WASHINGTON, Dec. 23 - The National Security Agency has traced and analyzed large volumes of telephone and Internet communications flowing into and out of the United States as part of the eavesdropping program that President Bush approved after the Sept. 11, 2001, attacks to hunt for evidence of terrorist activity, according to current and former government officials.

The volume of information harvested from telecommunication data and voice networks, without court-approved warrants, is much larger than the White House has acknowledged, the officials said. It was collected by tapping directly into some of the American telecommunication system's main arteries, they said.

As part of the program approved by President Bush for domestic surveillance without warrants, the N.S.A. has gained the cooperation of American telecommunications companies to obtain backdoor access to streams of domestic and international communications, the officials said.

The government's collection and analysis of phone and Internet traffic have raised questions among some law enforcement and judicial officials familiar with the program. One issue of concern to the Foreign Intelligence Surveillance Court, which has reviewed some separate warrant applications growing out of the N.S.A.'s surveillance program, is whether the court has legal authority over calls outside the United States that happen to pass through American-based telephonic "switches," according to officials familiar with the matter.

"There was a lot of discussion about the switches" in conversations with the court, a Justice Department official said, referring to the gateways through which much of the communications traffic flows. "You're talking about access to such a vast amount of communications, and the question was, How do you minimize something that's on a switch that's carrying such large volumes of traffic? The court was very, very concerned about that."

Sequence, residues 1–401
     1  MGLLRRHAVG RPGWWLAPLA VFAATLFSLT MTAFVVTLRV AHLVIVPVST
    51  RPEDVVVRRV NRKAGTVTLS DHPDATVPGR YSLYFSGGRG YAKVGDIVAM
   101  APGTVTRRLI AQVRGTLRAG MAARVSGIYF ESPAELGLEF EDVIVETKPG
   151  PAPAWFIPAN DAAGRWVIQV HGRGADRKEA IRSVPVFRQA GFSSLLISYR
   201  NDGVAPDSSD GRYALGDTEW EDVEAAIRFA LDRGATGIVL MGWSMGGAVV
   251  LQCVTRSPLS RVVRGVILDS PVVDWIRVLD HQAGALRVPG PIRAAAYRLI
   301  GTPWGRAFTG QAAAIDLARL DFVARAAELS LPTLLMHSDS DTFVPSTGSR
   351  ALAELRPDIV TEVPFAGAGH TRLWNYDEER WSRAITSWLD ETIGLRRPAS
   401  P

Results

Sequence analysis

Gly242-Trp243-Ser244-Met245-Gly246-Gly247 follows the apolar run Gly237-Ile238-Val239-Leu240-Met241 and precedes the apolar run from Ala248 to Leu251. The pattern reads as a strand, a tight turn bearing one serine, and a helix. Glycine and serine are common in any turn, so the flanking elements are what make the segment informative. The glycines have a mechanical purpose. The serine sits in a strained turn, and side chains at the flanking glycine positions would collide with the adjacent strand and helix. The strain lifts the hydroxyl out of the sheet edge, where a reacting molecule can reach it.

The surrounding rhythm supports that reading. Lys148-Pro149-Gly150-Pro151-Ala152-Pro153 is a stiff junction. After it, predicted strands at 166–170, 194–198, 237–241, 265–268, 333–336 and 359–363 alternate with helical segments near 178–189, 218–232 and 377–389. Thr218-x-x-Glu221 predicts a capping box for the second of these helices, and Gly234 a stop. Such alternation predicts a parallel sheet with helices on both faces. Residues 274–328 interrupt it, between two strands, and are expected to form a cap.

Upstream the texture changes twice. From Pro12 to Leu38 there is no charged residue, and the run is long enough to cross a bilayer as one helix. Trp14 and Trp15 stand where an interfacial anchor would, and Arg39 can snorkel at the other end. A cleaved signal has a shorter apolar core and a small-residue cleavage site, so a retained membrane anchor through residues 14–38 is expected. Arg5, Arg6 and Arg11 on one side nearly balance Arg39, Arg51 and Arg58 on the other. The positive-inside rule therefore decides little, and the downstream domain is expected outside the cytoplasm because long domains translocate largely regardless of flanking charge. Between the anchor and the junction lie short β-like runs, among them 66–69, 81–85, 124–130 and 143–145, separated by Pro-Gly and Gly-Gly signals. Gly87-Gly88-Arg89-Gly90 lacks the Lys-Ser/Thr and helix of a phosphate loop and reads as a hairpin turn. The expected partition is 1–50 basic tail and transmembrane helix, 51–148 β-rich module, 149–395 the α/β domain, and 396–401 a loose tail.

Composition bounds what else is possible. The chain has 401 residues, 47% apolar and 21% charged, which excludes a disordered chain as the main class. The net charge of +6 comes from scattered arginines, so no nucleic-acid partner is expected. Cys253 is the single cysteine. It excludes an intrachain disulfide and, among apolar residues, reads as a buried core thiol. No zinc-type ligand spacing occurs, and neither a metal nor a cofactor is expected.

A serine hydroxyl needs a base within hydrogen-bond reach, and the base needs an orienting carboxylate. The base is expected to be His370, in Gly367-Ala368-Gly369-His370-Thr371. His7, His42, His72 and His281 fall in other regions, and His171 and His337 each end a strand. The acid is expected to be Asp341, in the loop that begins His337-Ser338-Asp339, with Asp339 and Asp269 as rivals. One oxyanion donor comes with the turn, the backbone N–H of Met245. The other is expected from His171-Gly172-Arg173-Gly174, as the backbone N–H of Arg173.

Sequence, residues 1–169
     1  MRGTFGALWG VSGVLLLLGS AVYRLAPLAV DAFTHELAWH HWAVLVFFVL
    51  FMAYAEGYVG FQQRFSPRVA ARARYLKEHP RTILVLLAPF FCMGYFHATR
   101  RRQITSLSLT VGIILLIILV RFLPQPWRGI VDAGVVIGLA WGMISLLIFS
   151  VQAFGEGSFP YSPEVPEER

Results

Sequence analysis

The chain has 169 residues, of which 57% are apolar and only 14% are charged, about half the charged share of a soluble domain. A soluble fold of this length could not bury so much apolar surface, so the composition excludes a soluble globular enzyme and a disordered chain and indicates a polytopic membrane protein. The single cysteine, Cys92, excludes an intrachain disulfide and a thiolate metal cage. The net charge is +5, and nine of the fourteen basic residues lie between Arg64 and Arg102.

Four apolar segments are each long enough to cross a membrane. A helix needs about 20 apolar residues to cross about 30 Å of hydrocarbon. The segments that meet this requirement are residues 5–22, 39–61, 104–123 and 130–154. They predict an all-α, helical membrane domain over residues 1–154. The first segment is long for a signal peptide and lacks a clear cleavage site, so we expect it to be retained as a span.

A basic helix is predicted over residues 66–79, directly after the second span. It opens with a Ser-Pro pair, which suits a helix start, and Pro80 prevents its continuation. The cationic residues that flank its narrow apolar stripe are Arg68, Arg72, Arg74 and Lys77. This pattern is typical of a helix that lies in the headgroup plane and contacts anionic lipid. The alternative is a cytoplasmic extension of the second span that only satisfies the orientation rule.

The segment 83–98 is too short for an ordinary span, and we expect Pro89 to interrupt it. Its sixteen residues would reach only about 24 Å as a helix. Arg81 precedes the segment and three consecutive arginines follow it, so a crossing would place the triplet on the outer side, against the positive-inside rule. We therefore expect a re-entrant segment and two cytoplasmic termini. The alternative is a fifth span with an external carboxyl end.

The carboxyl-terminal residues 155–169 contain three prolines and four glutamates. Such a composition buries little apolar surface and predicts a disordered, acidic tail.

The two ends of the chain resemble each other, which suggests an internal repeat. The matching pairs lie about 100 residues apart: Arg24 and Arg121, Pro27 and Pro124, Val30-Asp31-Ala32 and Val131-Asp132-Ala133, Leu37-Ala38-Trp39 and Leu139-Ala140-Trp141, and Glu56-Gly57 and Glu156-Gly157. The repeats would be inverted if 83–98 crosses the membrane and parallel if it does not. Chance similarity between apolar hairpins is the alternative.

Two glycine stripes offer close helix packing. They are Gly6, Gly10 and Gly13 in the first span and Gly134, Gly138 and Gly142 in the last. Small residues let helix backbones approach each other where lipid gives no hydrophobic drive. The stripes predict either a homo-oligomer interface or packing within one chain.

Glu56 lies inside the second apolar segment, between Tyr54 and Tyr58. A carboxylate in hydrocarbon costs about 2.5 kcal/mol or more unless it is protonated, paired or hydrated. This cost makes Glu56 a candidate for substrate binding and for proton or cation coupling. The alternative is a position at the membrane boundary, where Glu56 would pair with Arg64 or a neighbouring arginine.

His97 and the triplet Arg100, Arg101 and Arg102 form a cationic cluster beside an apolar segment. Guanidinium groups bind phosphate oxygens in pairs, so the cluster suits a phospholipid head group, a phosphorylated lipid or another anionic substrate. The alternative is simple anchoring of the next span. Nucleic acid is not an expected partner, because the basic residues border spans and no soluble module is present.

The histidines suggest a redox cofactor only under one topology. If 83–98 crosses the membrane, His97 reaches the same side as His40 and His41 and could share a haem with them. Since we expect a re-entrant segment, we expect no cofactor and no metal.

Since the disclosure last week of the N.S.A.'s domestic surveillance program, President Bush and his senior aides have stressed that his executive order allowing eavesdropping without warrants was limited to the monitoring of international phone and e-mail communications involving people with known links to Al Qaeda.

What has not been publicly acknowledged is that N.S.A. technicians, besides actually eavesdropping on specific conversations, have combed through large volumes of phone and Internet traffic in search of patterns that might point to terrorism suspects. Some officials describe the program as a large data-mining operation.

The current and former government officials who discussed the program were granted anonymity because it remains classified.

Bush administration officials declined to comment on Friday on the technical aspects of the operation and the N.S.A.'s use of broad searches to look for clues on terrorists. Because the program is highly classified, many details of how the N.S.A. is conducting it remain unknown, and members of Congress who have pressed for a full Congressional inquiry say they are eager to learn more about the program's operational details, as well as its legality.